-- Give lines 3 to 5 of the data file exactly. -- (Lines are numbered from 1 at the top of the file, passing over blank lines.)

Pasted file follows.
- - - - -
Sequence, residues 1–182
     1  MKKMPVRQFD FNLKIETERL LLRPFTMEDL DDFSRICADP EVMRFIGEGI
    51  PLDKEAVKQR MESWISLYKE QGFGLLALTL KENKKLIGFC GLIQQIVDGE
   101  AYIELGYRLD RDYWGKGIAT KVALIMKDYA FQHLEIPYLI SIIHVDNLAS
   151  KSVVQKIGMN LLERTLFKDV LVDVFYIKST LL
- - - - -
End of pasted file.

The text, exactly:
    51  PLDKEAVKQR MESWISLYKE QGFGLLALTL KENKKLIGFC GLIQQIVDGE
   101  AYIELGYRLD RDYWGKGIAT KVALIMKDYA FQHLEIPYLI SIIHVDNLAS
   151  KSVVQKIGMN LLERTLFKDV LVDVFYIKST LL